“Oh- Alan, I’ve gotta hang up.”
“What? Did something happen?”
Yeah, something happened. A macaroni box happened.
Or, more specifically, a box of elbow pasta. Upright on the floor, the cardboard is in surprisingly pristine condition- it’s torn open and slightly squashed at the top, but it’s still intact. Sam approaches with a caution born of increasing dread; nudges the container with a foot.
“Crud.” Sam stuffs a fist against his mouth and stifles a harsh sigh in it. There weren’t any empty boxes of pasta in the house when he left for work this morning.
“Sam, what’s wrong?”
“They got into the pasta.” On any other day, Quorra’s antics would amuse Sam; today, he’s too exhausted to deal. He needs to sleep and possibly cry and not clean up after some new disaster. “I… there’s just the one box, but it’s empty. I don’t wanna know where the noodles went.”
Alan makes a funny noise through the phone. “Pasta?”
“Yep, pasta. Listen, I’ll call you back later, okay?” After recharging mentally. And after fixing the pasta. “I’ve got to go.”
“Good luck, Sam.”
“Sure, Alan. Bye.”
It takes every remaining ounce of willpower in his body not to give up and just drop his phone on the ground. Stooping over, he snags the pasta box with one hand and tosses it in the air; catches it lightly. At least his reflexes aren’t completely shot. Pushing through the doorway to the backyard, he catches one shoulder against the frame, rattling his entire skeleton with a clumsy thunk- and yeah, that’ll bruise. “Quorra?” The evening heat is unholy. “Are you out here?”
“Down here, Sam!”
“Nah,” Sam mutters under his breath. The tip of his shoe clicks against some small object resting, loose, on the uneven cement of the patio. It’s a noodle. A user-glitched noodle. “No need to tell me, honestly. I could’ve just… followed the trail.”
A veritable blood spatter of elbow macaroni covers the ground, leading toward the embankment. It’ll be a pain to pick up, and how did Quorra even manage this…?
A second box, propped up against a cinder block, answers his question. The bottom of it is raggedly torn, as if it caught on some sharp corner and spilled a minefield of dry pasta over the deck.
A sudden, sharp pang of discomfort pierces his brain, right between his eyebrows. Sam raises a hand to his forehead, pushes fingertips into the bridge of his nose, and tries to chase the pain as it burrows deeper into his skull.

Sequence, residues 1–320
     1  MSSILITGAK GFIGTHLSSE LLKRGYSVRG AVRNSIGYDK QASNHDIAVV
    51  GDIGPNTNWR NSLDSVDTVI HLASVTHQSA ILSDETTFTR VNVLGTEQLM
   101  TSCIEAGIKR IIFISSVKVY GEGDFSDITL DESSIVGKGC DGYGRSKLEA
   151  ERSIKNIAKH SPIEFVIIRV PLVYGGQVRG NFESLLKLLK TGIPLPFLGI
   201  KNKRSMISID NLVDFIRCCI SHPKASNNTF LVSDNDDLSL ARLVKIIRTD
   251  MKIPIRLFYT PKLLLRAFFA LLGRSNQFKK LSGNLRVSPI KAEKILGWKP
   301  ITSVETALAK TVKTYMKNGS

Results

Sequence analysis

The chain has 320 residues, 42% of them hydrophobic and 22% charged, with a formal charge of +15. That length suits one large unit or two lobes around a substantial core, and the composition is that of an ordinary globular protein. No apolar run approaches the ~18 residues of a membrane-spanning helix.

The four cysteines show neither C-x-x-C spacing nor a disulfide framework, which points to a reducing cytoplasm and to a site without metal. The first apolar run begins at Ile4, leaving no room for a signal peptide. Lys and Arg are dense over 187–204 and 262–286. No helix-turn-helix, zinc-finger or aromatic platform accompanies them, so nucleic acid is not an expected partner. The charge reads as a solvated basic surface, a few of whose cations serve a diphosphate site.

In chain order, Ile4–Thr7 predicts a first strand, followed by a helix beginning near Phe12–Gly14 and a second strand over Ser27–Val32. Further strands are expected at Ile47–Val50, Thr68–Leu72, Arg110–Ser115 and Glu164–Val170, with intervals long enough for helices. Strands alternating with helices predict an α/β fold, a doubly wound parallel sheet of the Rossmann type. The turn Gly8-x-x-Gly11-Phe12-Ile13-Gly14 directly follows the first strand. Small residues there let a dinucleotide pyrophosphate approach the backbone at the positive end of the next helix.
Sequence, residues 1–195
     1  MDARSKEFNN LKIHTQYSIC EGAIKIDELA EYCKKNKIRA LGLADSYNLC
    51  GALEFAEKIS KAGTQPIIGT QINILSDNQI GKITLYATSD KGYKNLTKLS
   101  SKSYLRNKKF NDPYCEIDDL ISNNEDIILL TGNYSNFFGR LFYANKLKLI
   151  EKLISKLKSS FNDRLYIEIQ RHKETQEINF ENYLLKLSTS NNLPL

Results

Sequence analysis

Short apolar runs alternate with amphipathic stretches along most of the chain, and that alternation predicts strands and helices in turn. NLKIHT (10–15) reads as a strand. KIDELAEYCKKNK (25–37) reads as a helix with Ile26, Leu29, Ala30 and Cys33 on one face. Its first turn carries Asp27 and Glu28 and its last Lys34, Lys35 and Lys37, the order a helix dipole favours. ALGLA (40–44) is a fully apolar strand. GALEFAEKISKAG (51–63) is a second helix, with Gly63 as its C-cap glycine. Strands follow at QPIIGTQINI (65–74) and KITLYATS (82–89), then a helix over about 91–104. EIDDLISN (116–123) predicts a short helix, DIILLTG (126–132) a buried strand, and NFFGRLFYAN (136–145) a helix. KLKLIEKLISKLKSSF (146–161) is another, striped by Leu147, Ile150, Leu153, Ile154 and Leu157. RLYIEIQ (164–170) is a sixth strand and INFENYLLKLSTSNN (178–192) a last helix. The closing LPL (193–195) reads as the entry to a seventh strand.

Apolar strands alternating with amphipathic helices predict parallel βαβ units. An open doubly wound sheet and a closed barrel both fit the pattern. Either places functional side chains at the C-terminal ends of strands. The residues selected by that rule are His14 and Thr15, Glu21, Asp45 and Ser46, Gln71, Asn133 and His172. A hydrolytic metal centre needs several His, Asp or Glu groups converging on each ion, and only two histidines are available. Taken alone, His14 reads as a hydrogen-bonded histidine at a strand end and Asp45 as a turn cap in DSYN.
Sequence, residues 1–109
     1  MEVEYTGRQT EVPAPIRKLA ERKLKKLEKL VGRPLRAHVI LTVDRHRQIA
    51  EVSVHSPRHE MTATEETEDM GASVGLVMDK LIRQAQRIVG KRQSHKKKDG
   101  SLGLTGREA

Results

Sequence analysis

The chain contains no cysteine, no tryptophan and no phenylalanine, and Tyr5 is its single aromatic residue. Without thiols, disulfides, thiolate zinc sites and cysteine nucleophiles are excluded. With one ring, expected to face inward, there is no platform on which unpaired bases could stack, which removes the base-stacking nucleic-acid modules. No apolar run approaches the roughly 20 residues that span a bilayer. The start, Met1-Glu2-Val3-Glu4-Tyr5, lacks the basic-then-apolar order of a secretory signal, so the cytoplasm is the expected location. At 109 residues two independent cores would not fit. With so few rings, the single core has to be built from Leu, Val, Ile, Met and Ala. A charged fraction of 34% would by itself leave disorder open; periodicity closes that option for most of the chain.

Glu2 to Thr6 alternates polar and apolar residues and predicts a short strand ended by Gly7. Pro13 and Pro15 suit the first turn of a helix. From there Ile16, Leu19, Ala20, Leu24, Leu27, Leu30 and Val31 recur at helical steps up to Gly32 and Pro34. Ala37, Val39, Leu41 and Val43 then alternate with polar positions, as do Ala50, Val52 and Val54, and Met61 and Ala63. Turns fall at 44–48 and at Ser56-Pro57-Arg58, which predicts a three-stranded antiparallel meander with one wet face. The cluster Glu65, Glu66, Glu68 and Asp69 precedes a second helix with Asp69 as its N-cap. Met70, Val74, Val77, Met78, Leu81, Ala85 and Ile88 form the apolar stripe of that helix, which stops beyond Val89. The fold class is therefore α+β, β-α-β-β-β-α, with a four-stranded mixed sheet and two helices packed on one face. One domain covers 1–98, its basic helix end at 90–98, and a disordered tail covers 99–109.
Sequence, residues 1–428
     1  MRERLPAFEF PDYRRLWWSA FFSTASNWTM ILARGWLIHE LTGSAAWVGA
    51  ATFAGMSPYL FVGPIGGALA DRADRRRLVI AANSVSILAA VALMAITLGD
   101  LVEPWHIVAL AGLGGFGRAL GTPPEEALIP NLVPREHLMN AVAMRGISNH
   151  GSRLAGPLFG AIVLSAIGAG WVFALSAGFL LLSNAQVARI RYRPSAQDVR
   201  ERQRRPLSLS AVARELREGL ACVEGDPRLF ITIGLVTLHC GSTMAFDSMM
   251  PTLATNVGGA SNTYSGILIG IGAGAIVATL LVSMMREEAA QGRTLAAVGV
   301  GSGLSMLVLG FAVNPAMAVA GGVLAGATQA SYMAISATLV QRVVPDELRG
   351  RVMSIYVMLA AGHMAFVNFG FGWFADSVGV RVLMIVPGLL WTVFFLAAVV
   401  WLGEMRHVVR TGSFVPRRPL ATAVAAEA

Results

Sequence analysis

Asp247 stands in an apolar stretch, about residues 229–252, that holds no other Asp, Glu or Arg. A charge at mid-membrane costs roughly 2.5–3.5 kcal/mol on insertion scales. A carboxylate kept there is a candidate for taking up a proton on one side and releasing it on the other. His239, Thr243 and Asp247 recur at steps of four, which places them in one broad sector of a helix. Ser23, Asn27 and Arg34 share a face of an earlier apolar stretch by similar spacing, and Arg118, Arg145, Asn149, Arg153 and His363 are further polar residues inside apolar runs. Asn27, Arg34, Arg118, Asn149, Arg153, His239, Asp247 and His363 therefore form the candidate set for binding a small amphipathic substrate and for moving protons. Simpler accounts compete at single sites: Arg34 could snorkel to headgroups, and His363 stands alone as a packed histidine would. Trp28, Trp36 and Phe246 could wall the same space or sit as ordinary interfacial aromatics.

Besides the throbbing in his head, everything is eerily silent.
Pausing to pick up this box and tamp down a growing sense of hysteria, Sam feels like he’s gathering evidence for some form of pasta forensics. Or just, maybe, for his accusations against Quorra. If he can convince her to hold still for long enough, he’s certain he can guilt trip her into picking up her own mess.
Stepping up to the edge of the yard, Sam allows himself a moment; breathes.
From his vantage point at the edge of the slope, the river looks stunning. The setting sun shimmers in the hot air, like molten liquid suspended in the sky, disgorging red into the horizon. Dull fire clings to the edges of metal bridges and cement buildings and spills down into rippling water. Sam feels the color and temperature settle heavy on his shoulders…
“Alright, Quorra.” He slides down the inclined shore, dust catching on his socks and ankles, and finds Quorra easily. She’s tucked away beside a steeper shelf of dry rock and dirt, out of view of the house, using a filthy quilt as a picnic blanket. This is expected. As is the small pile of ransacked pasta boxes (penne, farfalle, rotelle) settled beside her.
Sam did not, however, expect to find Tron.
Cross-legged in the dirt, wearing only a t-shirt and a pair of Sam’s shorts, the program seems strangely exposed. A fine layer of dust coats his legs- are those grass stains on his knees?- and the mundane, user-world normality of the dirt sticks out in sharp contrast to pale, smooth skin and dim circuits.
Surrounded by a distressing amount of scattered pasta, Tron is methodically sorting the disorder into neat piles. Not by pasta shape, of course, but according to some arbitrary system…
“Two of you, hm? You’ve got yourself a partner in crime,” Sam muses, staring down Quorra.
She almost ignores him, humming in unconcerned agreement. It’s Tron who finally looks up, squinting against the sun.